Although it’s conceivable Google would try to build something from the ground up, it makes more sense for them to acquire existing technology in this space. We’ve mentioned the idea that Google should buy Salesforce.com, which has grown from being just a CRM solution to a powerful enterprise cloud computing platform. There are clear advantages and disadvantages to such a move, and there are also plenty of other companies Google could acquire. Netsuite seems like an unlikely acquisition due to its close relationship to Oracle, but seems like a good fit. Netsuite has been promising Google Apps integration for months now, and there’s still no set date as to when Netsuite will be in the Apps Marketplace. (It may be worth noting that MyERP.com and Salesorder.com already offer Google Apps integration through the Apps Marketplace – does anyone have any experience with these services?)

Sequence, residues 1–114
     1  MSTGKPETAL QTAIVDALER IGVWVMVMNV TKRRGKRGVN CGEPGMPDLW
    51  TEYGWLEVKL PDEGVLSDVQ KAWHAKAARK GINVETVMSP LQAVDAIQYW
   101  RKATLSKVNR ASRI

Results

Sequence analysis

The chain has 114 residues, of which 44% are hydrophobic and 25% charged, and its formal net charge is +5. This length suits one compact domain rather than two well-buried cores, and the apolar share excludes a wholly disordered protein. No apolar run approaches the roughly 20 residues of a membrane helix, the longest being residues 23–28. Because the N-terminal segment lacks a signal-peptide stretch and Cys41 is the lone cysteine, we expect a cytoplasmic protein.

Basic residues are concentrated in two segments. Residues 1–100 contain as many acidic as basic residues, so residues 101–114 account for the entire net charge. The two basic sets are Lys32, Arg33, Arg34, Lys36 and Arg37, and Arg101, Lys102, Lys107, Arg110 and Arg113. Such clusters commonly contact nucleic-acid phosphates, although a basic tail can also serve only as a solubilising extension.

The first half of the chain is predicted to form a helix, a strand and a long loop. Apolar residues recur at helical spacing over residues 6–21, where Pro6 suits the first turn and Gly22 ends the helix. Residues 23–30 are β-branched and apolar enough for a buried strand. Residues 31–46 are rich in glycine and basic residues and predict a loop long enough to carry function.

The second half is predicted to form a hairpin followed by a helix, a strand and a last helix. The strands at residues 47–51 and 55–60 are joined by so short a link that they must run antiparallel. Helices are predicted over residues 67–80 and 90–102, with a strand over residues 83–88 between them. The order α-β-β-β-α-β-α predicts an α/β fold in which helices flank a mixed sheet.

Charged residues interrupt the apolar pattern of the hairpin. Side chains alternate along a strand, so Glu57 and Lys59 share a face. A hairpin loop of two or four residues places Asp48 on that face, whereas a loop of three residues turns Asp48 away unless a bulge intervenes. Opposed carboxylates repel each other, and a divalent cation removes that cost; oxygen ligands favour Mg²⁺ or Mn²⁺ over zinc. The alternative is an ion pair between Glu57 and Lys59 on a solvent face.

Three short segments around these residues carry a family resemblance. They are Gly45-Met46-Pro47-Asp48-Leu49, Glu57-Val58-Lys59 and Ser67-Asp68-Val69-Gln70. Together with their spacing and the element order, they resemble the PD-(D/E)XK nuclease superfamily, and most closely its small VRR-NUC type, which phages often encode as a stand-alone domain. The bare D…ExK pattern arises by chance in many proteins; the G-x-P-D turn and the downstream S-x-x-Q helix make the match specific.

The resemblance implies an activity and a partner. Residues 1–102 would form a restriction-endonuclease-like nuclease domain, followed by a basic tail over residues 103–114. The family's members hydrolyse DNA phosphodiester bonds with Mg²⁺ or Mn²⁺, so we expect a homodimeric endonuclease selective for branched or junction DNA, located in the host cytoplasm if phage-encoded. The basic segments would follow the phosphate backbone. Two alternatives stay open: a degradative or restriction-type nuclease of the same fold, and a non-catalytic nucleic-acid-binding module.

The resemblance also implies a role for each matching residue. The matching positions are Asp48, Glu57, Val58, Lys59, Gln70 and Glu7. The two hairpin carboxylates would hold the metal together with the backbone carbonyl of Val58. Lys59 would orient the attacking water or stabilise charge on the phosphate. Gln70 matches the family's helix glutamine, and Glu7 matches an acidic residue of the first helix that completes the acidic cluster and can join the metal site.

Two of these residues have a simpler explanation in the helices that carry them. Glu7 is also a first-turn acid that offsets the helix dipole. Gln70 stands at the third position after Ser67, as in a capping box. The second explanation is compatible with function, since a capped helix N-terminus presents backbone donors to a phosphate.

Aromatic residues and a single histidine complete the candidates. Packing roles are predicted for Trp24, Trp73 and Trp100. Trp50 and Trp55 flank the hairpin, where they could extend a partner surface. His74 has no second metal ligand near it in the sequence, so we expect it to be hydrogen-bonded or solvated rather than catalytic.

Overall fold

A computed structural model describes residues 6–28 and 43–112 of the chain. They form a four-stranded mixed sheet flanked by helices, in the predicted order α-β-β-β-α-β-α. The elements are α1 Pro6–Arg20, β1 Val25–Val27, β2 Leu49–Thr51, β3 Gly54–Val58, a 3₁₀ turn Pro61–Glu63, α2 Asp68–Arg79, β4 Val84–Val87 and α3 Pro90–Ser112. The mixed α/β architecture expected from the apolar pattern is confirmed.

Google could also conceivably build its own ERP software based on one of the various open-source solutions available.

What it means for enterprise:

Google Apps may start looking a lot more attractive if it offers easy, out of the box ERP integration – especially for new enterprises or enterprises already planning to switch to a new ERP platform. It would also likely make Chrome OS more attractive as an enterprise option.

3. As Part of Your Development Stack

According to Forrester, developers are Google’s other enterprise “Trojan horses.” Google has been courting developers with a range of resources:

What it means for the enterprise:

Even if Google’s voice and ISP moves never amount to much, and Google Apps just isn’t for your organization, there’s a lot of room for the company’s technology to creep into your enterprise via the development stack.